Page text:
There's no better illustration of the kind of B-Western volume that Autry turned out for Republic Pictures in the 1940s and '50s than the fact that Encore can program a 100-hour marathon of his pics, to run from 8 p.m. on Sept. 28 to midnight on Oct. 2 without repeating a single pic, with the exception of the new half-hour docu "Gene Autry: White Hat, Silver Screen." (For the sked, click here.)
Autry famously moved into TV production early on with his Flying A Prods. turning out an Autry-toplined show as well as oater-adventure skeins "The Range Rider," "Annie Oakley" and "Buffalo Bill Jr." Plus, he wrote the Christmas chestnut "Here Comes Santa Claus," specifically for the Hollywood Christmas Parade, in which he was a frequent participant.
Autry, who died in 1998, was very much a local mogul when I was a kid, as the owner KTLA-TV Los Angeles, in addition to a few radio stations and the California Angels baseball team. (KTLA's telecasts of Angels games would always feature a few lingering shots of the Cowboy, as he was known, sitting with some dignitary in the owners box. Too bad the team never clinched the World Series during his lifetime, but, hey, they did have Nolan Ryan.)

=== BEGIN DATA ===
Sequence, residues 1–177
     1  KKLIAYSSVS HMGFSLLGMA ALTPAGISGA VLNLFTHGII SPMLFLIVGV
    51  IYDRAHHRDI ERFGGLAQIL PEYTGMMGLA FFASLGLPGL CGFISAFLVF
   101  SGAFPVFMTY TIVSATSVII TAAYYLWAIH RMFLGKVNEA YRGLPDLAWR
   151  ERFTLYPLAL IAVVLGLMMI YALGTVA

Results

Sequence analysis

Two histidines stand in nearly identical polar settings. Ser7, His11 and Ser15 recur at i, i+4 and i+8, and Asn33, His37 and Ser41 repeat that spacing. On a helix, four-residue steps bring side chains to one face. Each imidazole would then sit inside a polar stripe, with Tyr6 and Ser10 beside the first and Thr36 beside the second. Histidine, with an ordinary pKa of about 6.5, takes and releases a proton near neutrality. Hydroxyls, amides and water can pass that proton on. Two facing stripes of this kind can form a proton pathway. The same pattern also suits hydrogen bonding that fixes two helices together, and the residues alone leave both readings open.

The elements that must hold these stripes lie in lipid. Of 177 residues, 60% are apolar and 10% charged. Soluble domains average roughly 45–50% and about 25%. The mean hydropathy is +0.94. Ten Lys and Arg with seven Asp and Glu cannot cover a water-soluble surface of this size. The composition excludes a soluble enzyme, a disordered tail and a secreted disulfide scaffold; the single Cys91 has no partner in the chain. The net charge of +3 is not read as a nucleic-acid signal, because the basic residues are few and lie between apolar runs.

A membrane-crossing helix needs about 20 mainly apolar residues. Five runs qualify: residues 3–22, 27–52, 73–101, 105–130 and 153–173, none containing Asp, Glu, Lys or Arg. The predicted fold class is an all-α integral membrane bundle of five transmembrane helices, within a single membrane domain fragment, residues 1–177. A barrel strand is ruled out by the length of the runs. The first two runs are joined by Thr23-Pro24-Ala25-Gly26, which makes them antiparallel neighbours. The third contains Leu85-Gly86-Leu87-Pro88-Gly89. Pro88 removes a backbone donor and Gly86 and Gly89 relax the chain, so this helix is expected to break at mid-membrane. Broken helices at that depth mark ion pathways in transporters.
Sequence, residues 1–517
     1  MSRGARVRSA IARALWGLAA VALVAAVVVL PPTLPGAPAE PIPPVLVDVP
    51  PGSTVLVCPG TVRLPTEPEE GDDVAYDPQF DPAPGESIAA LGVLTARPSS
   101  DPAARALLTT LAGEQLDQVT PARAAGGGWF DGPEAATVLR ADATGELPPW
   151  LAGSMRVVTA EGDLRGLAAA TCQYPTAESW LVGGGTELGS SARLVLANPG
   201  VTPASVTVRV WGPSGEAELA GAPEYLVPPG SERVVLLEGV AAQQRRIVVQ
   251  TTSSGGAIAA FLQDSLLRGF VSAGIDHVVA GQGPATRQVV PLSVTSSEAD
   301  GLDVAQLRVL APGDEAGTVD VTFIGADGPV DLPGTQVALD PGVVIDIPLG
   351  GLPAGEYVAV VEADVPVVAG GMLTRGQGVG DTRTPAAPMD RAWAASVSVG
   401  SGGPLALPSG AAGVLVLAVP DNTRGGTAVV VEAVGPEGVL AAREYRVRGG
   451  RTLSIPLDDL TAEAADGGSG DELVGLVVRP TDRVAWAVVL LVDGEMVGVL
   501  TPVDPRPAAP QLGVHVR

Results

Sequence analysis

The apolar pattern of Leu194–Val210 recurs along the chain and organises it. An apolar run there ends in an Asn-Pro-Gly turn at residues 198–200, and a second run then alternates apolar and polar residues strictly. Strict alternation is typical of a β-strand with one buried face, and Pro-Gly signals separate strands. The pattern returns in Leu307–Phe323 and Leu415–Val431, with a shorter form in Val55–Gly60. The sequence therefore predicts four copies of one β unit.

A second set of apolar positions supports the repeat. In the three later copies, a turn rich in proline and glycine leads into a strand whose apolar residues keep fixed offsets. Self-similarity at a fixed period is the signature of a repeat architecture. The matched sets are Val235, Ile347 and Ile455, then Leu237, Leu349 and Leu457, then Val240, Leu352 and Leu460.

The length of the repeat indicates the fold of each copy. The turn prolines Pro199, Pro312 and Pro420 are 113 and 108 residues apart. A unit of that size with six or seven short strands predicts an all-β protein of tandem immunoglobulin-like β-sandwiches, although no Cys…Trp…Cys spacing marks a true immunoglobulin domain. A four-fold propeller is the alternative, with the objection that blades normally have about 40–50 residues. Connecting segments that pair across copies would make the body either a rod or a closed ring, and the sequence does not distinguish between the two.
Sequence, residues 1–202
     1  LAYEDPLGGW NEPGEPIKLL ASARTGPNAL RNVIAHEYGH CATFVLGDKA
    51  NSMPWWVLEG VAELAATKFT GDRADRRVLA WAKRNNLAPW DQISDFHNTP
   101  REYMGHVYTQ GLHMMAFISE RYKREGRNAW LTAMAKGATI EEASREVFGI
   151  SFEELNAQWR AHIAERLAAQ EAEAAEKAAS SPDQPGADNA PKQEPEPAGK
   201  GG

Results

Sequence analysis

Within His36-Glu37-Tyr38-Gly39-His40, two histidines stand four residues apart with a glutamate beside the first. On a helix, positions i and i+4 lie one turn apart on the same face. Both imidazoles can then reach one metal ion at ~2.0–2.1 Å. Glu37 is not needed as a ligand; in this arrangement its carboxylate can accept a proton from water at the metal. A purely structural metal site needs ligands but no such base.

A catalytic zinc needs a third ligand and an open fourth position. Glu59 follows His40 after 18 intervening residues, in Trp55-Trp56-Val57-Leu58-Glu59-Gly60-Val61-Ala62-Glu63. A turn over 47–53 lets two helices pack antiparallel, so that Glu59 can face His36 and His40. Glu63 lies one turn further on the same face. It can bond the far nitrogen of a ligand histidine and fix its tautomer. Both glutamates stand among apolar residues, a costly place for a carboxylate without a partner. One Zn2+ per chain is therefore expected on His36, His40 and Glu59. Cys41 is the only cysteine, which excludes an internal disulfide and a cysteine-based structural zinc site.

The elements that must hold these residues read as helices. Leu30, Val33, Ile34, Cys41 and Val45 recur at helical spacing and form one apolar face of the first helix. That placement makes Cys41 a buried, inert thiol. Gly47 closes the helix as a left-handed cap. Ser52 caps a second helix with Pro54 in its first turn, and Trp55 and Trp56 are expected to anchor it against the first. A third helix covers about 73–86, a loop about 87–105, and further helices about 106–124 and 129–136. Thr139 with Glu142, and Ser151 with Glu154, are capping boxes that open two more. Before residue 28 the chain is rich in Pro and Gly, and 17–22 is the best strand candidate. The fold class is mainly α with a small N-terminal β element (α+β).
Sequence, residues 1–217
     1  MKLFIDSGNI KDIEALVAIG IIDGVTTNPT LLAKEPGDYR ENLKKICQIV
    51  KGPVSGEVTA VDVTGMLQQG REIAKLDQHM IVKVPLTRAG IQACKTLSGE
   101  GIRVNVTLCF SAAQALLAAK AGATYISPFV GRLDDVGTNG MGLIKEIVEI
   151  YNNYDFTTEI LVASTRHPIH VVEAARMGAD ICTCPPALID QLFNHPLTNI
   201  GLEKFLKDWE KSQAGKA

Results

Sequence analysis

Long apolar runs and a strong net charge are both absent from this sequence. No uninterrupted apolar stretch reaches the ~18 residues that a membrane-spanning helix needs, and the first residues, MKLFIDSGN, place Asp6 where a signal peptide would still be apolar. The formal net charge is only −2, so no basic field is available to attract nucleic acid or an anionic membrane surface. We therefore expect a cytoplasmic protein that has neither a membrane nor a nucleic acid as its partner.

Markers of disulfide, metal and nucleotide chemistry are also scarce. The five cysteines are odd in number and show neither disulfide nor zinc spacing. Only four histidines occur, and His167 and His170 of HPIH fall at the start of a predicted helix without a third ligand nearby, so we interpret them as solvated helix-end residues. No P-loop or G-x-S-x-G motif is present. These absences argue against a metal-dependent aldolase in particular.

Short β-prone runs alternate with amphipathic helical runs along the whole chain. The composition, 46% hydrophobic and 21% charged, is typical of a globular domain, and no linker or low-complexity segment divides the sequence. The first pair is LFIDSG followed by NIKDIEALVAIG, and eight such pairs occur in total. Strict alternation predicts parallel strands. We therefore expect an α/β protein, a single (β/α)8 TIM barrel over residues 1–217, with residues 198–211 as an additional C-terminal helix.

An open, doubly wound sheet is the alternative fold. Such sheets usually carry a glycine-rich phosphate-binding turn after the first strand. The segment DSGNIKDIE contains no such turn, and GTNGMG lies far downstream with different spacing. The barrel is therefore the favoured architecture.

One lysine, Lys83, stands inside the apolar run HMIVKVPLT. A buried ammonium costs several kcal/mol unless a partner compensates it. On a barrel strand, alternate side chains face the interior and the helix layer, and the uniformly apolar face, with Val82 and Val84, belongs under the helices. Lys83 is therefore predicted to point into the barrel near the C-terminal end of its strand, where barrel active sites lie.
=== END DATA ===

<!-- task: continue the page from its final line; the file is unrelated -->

KTLA in those years always began its broadcast day with spins of Autry's old TV shows. Amortization? Nostalgia? Ego? Maybe it was a combination of all three, but so what? He owned the place. These days, his legacy lives on most prominently at the Autry National Center and Museum of the American West across the street from the L.A. Zoo. A ton of Autry-ana can also be found at GeneAutry.com.
(Pictured top: Autry in 1937's "Public Cowboy No. 1." At right, Autry in 1941's "Back in the Saddle.")